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Master of the Daleks (1975)

1975-09-03 Newcastle Journal 1.jpg

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FRANCESCA TURNER meets the man whose creations have made him a millionaire.

ONE lonely Dalek feebly points his ray gun down the drive of Terry Nation Elizabethan estate lost in the whirring nostalgia of mass ex-ter-min-a-tion.

Relic and outcast, he guards the grounds while Nation, his dastardly inventor, soaks up the money the Daleks made him.

Scriptwriters are seldom celelbrated, but Terry Nation is one of the exceptions. Careful to avoid artistic annihilation at the button of his own invention, he moved on from mutants to top television series like "The Avengers", "The Saint", "The Persuaders", and recently "The Survivors."

"But I'm dogged by success," he says mournfully, clanking a tall glass of vodka. "We have to keep spending money herniate it keeps coming in. If we didn't, I'd stop working. Then I'd be hell to live with."

Kate, his wife, nods vigorously. "I have to threaten him with things like, 'If you don't finish that series I'm bloody well going out to get a Nordic sauna.'"

Money used to mean a big pot of pennies and a trolley of drinks one guest would polish off in half an hour. That was after unsuccessful spells in his father's South Wales furniture firm and jokes which sank through the boards of the clubs where he told them.

It meant a poverty stricken flat in London and woe-begone pleas for comedy script work answered at last by Spike Milligan and the Goons.

Launched on the BBC script circuit, things perked up. His jokes were good on paper as long as he wasn't telling them. Hancock became a particular friend.

Dr. Who was an acquaintance Nation turned down. Then he thought again and fathered the Daleks, who cascaded money like sinister fruit machines.

Life had suddenly happened. They had made it. He sold Daleks to the Americans and walked to New York's lushest restaurant one night with Kate beside him in white mink, knowing they were millionaires.

"I've never felt so terrible in my life. It was black, suicidal The awful dead-end of achieving what you wanted."

Now they enjoy money casually and immediately, lavishing it on the huge, rambly country house they adore.

"I refuse to insure possessions, though. They're just not worth it Nothing material is irreplaceable, and you find you're *working like a dog to pay twice for everything."

Being millionaires lasted one night. Now he writes to live, and it's unpredictable. If the BBC like it, they drink vintage. If they don't they still drink vintage, kick fate in the mouth, and go on working.

Plots have poured from Terry Nation over the years. "They come because they I have to. I'm hired to write "

Thrillers have a crossword fascination for him. He writes himself into a corner and then says solve that, you bastard. He never knows how a plot will develop, and often sets himself an impossible situation without the faintest idea of how hie will finish it.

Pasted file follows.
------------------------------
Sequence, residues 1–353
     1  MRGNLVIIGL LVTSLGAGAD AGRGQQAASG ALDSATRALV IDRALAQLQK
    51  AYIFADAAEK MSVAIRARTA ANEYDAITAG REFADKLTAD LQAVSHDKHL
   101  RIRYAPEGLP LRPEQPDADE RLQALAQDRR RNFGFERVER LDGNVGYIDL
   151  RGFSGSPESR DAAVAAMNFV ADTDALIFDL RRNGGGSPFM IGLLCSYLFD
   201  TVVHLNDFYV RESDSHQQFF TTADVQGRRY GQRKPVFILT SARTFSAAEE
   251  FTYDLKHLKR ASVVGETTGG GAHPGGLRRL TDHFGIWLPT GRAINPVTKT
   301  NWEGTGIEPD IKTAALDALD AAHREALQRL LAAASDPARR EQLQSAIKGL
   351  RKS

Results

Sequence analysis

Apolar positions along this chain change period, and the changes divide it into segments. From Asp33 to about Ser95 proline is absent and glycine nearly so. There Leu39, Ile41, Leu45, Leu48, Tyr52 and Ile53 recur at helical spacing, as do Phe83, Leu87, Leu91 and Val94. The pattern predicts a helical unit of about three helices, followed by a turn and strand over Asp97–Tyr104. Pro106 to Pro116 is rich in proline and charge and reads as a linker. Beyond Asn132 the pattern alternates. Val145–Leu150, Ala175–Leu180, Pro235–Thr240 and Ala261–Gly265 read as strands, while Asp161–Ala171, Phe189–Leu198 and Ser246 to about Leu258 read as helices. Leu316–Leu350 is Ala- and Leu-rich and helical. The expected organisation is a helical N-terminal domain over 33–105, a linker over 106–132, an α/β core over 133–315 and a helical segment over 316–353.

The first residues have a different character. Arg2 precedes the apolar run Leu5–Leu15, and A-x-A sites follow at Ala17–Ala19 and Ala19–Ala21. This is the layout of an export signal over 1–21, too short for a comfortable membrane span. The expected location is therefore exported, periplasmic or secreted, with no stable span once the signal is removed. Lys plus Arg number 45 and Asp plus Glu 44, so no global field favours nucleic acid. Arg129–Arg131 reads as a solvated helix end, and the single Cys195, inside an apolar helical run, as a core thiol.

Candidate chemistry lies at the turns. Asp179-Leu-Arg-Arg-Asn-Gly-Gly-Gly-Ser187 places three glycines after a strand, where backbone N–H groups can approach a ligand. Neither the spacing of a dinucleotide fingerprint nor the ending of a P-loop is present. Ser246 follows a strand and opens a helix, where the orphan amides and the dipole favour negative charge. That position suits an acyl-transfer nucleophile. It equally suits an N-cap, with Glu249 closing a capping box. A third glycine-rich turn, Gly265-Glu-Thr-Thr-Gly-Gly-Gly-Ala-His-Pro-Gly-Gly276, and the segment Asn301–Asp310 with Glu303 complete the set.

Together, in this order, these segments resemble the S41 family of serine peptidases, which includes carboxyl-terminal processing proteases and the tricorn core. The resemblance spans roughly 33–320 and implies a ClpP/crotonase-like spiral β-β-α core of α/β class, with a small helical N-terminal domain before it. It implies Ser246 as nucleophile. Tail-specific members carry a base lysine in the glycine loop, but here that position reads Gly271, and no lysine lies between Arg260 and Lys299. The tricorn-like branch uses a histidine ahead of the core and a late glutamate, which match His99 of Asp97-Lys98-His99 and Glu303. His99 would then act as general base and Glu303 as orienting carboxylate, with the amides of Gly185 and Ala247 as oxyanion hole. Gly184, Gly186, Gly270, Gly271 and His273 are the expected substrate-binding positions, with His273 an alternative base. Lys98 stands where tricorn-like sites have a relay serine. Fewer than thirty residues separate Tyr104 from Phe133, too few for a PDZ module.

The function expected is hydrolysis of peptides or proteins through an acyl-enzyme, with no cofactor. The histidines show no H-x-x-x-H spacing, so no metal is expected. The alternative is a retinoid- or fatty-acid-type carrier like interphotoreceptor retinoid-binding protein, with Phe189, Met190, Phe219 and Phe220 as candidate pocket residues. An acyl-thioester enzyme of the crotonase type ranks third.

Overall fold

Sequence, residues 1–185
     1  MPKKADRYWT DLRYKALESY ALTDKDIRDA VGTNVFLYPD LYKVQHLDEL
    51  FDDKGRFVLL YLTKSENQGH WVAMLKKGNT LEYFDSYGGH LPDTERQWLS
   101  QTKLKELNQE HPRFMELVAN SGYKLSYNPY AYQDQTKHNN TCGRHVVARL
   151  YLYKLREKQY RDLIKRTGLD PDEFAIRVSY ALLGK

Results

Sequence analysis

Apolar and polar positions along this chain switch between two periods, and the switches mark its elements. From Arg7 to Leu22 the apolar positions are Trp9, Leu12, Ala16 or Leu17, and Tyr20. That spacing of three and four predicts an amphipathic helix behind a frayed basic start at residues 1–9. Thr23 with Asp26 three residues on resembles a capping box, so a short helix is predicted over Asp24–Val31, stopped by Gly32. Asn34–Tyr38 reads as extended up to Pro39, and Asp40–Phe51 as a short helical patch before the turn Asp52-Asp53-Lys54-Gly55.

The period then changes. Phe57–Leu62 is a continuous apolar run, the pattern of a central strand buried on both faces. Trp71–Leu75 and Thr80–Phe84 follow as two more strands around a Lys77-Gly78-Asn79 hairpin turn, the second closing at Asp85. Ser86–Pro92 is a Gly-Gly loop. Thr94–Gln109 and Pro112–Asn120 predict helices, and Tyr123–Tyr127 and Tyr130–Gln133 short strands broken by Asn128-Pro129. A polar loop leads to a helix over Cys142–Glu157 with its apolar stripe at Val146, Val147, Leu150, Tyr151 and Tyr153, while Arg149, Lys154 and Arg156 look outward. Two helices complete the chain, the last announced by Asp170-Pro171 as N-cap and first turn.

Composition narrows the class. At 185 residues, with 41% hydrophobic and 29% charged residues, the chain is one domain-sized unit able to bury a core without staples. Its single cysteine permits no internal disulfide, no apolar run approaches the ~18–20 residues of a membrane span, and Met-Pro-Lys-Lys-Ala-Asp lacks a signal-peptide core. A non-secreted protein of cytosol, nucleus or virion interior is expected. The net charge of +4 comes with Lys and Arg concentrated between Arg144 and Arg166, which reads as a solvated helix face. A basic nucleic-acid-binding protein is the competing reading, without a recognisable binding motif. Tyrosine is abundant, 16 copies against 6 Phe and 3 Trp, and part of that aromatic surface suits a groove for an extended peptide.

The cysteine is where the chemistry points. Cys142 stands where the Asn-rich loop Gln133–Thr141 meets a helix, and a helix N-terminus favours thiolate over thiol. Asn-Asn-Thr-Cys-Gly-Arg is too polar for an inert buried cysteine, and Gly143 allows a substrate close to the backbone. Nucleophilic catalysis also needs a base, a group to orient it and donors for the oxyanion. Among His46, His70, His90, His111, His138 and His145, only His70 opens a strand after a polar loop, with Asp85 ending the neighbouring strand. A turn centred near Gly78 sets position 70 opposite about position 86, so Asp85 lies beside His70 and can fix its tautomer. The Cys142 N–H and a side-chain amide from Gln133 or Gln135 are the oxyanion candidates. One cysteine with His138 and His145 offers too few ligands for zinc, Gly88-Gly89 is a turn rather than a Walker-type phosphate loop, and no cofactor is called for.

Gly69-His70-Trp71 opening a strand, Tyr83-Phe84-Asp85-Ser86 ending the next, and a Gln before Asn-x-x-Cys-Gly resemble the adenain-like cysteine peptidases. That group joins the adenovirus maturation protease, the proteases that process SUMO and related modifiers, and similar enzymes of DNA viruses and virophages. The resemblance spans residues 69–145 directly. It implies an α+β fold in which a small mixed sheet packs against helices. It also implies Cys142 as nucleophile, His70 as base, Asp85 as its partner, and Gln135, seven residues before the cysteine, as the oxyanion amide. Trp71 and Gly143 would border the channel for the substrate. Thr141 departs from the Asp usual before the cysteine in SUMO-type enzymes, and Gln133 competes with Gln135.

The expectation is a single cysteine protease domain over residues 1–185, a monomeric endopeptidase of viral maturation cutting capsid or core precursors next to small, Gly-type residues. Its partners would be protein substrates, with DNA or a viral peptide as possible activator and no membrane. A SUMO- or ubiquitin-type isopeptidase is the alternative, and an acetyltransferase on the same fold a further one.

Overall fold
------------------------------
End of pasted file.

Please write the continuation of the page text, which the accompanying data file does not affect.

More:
"The Survivors" was different. He had things to say. Eleven million viewers thought so, too, even of the heavy Press didn't. All part of the common t.nicl that's earned him cash.

But he's a modest man, passionate about his family and writing better. A Welshman with Burton's looks and sensitive soul.

Breaking new ground is vital to him. A novel about "The Survivors" has started it, and a children's book out next month and written for his daughter continues it.

"I wanted to give her a pretty hook. After all, what can a father give his daughter, if he's a writer, but a book?"

"Rebecca's World" (G Whizzard Andre Deutch, £2 75) is a giggly-scared story about a little girl mysteriously transported to a distant planet who meets three very strange friends. Grisby, who wears three green fur coats and has the most painful feet in the universe. Caplan K. a reluctant superman who gets his words mixed up, and Kovak, an unemployed spy known as the man of a thousand faces, all of then remarkably unsuccessful.

"I never make concessions writing for children. They don't like it. But they do like to be scared as long as they're safe and secure. It's like going to a funfair and being all lovely and frightened on the big wheel.

"The popularity of horror and adventure movies show that it's instinctive to enjoy the putting oneself in danger when there's no real risk."

Like jumping off the ha-ha between the bushes and the fields, or creeping downstairs to the underground chapel—game that Becky and little brother Joel play when no one's looking.

Terry's probably upstairs in his pannelled study banging words on a typewriter, trying out the dialogue on himself or watching the tree through leaded windows, while Vaughan Williams plays.

Nation has certainly spoken unto nation. Let's hope the voice gets louder and clearer.


Caption: Terry Nation and his daughter Rebecca with Dalek.

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  • APA 6th ed.: 3, (1975-09-03). Master of the Daleks. The Newcastle Journal p. Francesca Turner.
  • MLA 7th ed.: 3,. "Master of the Daleks." The Newcastle Journal [add city] 1975-09-03, Francesca Turner. Print.
  • Chicago 15th ed.: 3,. "Master of the Daleks." The Newcastle Journal, edition, sec., 1975-09-03
  • Turabian: 3,. "Master of the Daleks." The Newcastle Journal, 1975-09-03, section, Francesca Turner edition.
  • Wikipedia (this article): <ref>{{cite news| title=Master of the Daleks | url=http://cuttingsarchive.org/index.php/Master_of_the_Daleks | work=The Newcastle Journal | pages=Francesca Turner | date=1975-09-03 | via=Doctor Who Cuttings Archive | accessdate=18 November 2018 }}</ref>
  • Wikipedia (this page): <ref>{{cite web | title=Master of the Daleks | url=http://cuttingsarchive.org/index.php/Master_of_the_Daleks | work=Doctor Who Cuttings Archive | accessdate=18 November 2018}}</ref>